As the Senior Director for Marketing Ops at ThoughtSpot, I’m the owner of our full marketing and sales tech stack.
So, you know. No pressure.
I started out as a Marketing Analyst — certified Tableau superuser, the whole deal. And I’ve got to say what I can do now versus what I could do then is night and day. What used to take me hours in Tableau back in 2015 literally takes me minutes in ThoughtSpot.
There are really only two things that count in Marketing Ops: attribution and conversion rates. First, spot bottlenecks in the opportunity pipeline and figure out how to help move things along. Second, work out which channels are performing, bring that data to the team, and double down on what’s working.
Here’s how I use self-service analytics to keep on top of it all, and how you can too.
1. Use the “double donut” chart to quickly uncover insights
The double donut chart is one of my favorite visualizations in ThoughtSpot. It’s a great way to quickly see the discrepancies between two sets of data.
For example: you can see counts of opportunities in different stages together in one place. This visualization lets me immediately spot if there’s an issue.
Say, for instance, that I notice that the SDR sourced conversion rate from initial meeting to stage 2 is low. That information on its own isn’t very helpful. If I go to the SDR leader and tell her that we’re losing the majority of SDR sourced leads, she’s just going to ask me why. It’s far more helpful if I drill down to the actual cause of the issue and identify actionable insights.
Let’s say that when we drill down, I see that the leads were non-responsive after the first call, or weren’t ready to buy. Then, I’ll know that the issue is a question of meeting quality, and I can make suggestions for how we can tighten up our discovery process before we take the time to set up a meeting. On the flip side, I can also drill down into the meetings that did convert, to find out exactly what that SDR did differently.
We all know it’s never a good idea to bring any sales leader a problem. But if you go to them after you’ve done a bit more digging, you’re not just pointing out an issue—you’re giving them a data-informed solution. At ThoughtSpot, our Sales and Marketing alignment is great, and I think a lot of that comes down to the fact that we’re all looking at the same data.
2. Go deep with conversion rates
In Marketing Ops, we’re not usually working towards quarterly goals - we’re trying to make improvements wherever we can, and our priorities can shift on a daily basis.
However, conversion rates are always a huge focus for our team. Having data at my fingertips means I can dig deeper before I share it out. Before I share the data with other teams, I’ll try to answer any questions they might have beforehand. For instance, I’ll pull out:
Attribution: where did those MQLs come from?
Persona: who were we talking to?
Again, I’ll use the insights I gather from drilling into our conversion rates to drive immediate action. For instance, I might go to our Sales team and say, “We’ve got a problem with conversion—here’s how we could fix it.” Or I could go to our Marketing team and say, “We spent too much on this campaign for the conversions we saw. How about we double down on targeting this higher-converting persona instead?”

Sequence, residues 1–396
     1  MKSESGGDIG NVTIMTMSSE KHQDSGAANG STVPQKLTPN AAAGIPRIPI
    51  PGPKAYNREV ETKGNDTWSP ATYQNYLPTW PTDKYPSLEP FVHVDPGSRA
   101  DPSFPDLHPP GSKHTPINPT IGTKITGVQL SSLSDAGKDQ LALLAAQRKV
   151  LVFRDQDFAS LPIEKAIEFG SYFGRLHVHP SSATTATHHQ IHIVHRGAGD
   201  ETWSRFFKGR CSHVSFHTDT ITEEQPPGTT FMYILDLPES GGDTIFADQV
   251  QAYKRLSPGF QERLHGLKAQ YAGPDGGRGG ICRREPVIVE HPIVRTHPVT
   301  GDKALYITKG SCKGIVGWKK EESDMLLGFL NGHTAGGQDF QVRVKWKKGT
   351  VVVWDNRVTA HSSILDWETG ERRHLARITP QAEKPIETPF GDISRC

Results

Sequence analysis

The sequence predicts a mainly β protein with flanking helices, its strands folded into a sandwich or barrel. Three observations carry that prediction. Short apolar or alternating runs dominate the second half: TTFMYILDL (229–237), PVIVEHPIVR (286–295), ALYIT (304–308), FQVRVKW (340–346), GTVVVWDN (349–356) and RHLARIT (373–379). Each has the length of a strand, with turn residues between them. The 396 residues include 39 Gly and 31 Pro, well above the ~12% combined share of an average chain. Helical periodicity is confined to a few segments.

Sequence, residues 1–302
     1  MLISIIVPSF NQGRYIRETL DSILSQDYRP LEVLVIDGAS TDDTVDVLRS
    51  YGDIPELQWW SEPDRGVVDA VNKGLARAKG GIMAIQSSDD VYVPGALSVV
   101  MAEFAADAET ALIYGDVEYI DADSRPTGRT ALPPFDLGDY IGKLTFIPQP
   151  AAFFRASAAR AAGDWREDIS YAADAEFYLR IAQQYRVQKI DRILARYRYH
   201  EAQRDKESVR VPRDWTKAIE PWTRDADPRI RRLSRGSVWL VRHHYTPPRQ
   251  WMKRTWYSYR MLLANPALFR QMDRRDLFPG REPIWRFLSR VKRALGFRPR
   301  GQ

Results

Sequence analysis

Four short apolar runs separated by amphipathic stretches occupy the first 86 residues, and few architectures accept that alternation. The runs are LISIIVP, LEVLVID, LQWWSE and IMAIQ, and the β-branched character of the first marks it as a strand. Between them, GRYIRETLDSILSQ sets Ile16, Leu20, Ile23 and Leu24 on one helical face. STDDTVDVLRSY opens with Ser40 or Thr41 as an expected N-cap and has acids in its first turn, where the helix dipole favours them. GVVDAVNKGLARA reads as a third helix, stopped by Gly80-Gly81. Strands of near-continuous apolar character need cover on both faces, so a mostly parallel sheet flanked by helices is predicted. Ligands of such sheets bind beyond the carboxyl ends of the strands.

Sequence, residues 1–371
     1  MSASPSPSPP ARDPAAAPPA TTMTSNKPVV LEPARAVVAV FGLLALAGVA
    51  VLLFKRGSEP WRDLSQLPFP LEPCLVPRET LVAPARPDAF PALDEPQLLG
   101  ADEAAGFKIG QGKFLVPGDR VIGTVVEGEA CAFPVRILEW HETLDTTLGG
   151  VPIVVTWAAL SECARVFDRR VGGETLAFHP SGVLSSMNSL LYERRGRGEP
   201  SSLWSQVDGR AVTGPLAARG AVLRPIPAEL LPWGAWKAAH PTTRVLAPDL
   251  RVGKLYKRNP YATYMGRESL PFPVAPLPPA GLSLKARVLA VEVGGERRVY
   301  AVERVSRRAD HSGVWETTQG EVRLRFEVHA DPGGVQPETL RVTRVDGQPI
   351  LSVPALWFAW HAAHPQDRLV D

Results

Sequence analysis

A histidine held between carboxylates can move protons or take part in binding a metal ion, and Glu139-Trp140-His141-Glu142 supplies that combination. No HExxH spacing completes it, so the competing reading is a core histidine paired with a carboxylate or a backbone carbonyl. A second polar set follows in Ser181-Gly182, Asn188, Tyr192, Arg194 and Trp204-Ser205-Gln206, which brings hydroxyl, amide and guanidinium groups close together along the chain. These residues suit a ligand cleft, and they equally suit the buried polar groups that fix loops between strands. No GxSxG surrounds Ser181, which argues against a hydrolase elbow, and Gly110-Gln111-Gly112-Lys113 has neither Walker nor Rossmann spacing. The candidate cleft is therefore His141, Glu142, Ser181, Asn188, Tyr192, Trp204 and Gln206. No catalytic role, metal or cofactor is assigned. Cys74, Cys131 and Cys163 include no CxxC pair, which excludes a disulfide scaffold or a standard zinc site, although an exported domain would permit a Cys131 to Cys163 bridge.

3. Prioritize accounts with detailed breakdowns
One of my favorite ways to use our drill-down function is to hand our AEs a list of accounts that are highly likely to close with a little extra attention. It’s satisfying to use the data to spot opportunities for sales that we would otherwise have missed.
I regularly pull up accounts that are showing intent of an imminent evaluation, but that our AEs are not currently focusing on. These might be great opportunities for a win that are getting overlooked.
Here’s what it can look like in practice: you can take a look at the accounts being handled by a single rep. Through drilling and altering your search, you can rule out accounts that aren’t a focus for different reasons, such as:
Do we have over [X] leads/contacts within the account?
Are the contacts from relevant departments (product, engineering, business intelligence)?
Does this prospect have sufficient revenue to be a good fit for our product?
Once I’ve done that, I have a list of accounts that have a high conversion potential, but that we haven’t been targeting so far.
With that level of granular insight, I can go to our AE with a list of accounts that they could potentially close in short order.
In Marketing Ops, data isn’t enough
You need to be able to pull together the right insights to help the Sales and Marketing teams take action. You need data, yes, but you also need to be able to use that data to tell a story. And you need to be able to get the information together quickly, so you can make insight-driven decisions about what to do next.
Basically, you can use a self-service analytics platform like ThoughtSpot—or you can use another BI tool, and sit watching the spinning wheel of death. For hours.